I have never watched Little House on the Prairie, so I admit to having no frame of reference when I approached this set, which actually contains two separate made for television movies: Beyond The Prairie: The True Story of Laura Ingalls Wilder, and Beyond The Prairie: The True Story of Laura Ingalls Wilder Continues. Now, since I’ve used up a large portion of my review space just mentioning the titles of these two films, I will try to be as succinct as possible. Suffice to say that, while I was aware of the show, all I really know about the lady is that she grew up on the prairies in a small house of some kind, and that she is beloved by a certain portion of the population. Also, if memory serves, she may or may not have been friends with NFL Hall of Famer Merlin Olsen.
The two films chronicle the life of Ingalls Wilder, from her days as a teenager growing into womanhood on the 19th century Dakota frontier to her eventual marriage to Almanzo Wilder and their emigration to Missouri. The films are quite authentic in their depiction of the harsh realities of frontier life, particularly the Dakota winters, and show death and loss as a constant danger, even when the focus is on wholesome family drama. Blizzards, hail storms, starvation, and disease are among the constant threats that loom over these characters, and the films do a pretty good job making these things real.
Where the films don’t work, however, is in telling this story without it feeling truncated, with scene transitions that jump from one moment to another with little flow or sense of how one thing led to the next. There is a scene, for example, where the mother, played by Lindsay Crouse, absolutely loses it on the father (Richard Thomas) because he discusses picking up and heading for Oregon. Clearly, this was an issue between them, but though his wanderlust is mentioned earlier, up to this point there is little to lead us to believe that this is a problem for her.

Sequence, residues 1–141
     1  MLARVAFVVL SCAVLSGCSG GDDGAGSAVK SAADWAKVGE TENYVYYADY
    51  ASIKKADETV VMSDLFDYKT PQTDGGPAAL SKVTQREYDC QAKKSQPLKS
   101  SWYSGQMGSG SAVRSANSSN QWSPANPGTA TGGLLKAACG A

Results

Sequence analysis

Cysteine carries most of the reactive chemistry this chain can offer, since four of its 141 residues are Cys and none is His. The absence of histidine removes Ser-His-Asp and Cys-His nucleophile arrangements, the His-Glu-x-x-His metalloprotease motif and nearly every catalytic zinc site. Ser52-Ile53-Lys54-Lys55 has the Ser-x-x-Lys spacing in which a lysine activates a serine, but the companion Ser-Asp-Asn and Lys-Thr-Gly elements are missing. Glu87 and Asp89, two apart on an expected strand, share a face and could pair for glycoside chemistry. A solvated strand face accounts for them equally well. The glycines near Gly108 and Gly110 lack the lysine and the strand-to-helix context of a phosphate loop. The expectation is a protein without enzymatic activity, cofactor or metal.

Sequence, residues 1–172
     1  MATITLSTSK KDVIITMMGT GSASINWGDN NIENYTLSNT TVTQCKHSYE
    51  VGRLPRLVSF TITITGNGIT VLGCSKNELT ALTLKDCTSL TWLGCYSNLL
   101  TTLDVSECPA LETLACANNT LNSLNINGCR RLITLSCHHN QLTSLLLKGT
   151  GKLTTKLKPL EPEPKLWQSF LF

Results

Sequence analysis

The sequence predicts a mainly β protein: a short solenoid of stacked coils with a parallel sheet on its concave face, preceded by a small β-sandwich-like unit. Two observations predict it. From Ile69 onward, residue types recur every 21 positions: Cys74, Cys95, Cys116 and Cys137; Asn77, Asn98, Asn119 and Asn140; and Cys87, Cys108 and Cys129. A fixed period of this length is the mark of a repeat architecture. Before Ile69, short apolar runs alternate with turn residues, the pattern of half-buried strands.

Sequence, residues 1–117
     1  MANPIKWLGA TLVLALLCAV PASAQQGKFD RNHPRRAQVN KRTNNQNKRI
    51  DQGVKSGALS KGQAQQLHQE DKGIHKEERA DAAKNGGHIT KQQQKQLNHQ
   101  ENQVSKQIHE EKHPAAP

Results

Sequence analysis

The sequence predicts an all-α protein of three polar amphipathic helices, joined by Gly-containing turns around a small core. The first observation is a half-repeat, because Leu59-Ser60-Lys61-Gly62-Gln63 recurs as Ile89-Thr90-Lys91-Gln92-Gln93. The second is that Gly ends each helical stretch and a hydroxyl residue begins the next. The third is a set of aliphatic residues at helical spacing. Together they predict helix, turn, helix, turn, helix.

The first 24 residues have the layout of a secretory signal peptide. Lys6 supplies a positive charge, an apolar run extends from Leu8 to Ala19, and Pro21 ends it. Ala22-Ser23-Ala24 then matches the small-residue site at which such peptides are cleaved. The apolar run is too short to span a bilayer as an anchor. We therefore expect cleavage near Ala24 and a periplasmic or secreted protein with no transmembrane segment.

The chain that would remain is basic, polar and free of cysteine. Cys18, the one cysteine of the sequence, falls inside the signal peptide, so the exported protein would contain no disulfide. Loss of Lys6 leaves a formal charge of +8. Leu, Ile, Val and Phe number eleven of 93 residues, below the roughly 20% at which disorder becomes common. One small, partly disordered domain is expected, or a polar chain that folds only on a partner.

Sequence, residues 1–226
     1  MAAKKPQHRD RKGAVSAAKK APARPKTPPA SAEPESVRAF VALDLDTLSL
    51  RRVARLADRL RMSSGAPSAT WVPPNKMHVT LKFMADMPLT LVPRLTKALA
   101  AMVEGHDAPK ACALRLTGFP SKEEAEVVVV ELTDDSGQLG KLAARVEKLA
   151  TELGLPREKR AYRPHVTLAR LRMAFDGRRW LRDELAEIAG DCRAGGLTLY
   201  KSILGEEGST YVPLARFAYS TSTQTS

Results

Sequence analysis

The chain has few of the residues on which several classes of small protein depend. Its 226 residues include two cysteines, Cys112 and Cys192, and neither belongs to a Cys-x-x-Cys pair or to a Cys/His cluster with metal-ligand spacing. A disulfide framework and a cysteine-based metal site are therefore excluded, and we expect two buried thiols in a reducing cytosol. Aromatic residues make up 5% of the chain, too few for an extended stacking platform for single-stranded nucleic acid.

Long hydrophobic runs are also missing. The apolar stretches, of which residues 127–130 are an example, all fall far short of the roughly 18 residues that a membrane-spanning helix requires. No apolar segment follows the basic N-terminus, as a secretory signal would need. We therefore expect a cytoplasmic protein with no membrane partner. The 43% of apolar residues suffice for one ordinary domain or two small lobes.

The cast is a mixed bag, led by Meredith Monroe as Laura. Monroe has an interesting look, sort of a Claire Danes lite, but is unable to carry the heavier material, with many scenes coming across in a high school production kind of way. Crouse and Thomas are pretty solid as her parents, and do what they can with the material they’re given. The highlight of the cast is Walton Goggins, who went on to bigger and better things after this project with solid, edgy work on The Shield and Justified.
If nothing else, I would give the films a recommendation to fans of Little House or of Ingalls Wilder in general, but after doing some online research into the woman in preparation for viewing this disc, I must include a caveat. It seems that fans of the lady are just as excrutiatingly picky and critical as the most hardcore Star Trek nerds. I found tons of forum posts slamming this film for such heinous sins as slightly altering the colour of different characters’ hair, changing the date a baby dies, and forgetting that Almanzo’s parents moved from New York before the date that he and his brother go to visit them there. So fans, consider yourselves warned.
Both films are presented in 4:3 “full frame” which, considering its source and its age (the original film was first aired on CBS in 2000) is to be expected. Clarity is quite good and the colour palette is varied, with many rich earth tones and huge blue skies. The transfer is also solid, with no real flaws in evidence.
Both films feature 2.0 Dolby Digital which, again, is to be expected. Dialogue is very clear and the sound design comes across nicely, with booming thunderstorms and howling blizzard winds evoking the terror of the characters dealing with such environments. The music tracks are also very clear, though they present a constant danger of putting the audience to sleep with their generic frontiery strains.
Previews of I Love Lucy: The Complete Series and Petticoat Junction Season 1 are all that the disc offers.
What we have here is basic, okay quality CBS Sunday movie fare. Production values are decent but this thing plays like a TV movie from start to finish. As I said, it may be a good purchase for the less rabid Laura Ingalls Wilder fans out there, but the rest of us can very easily find a better way to spend three hours.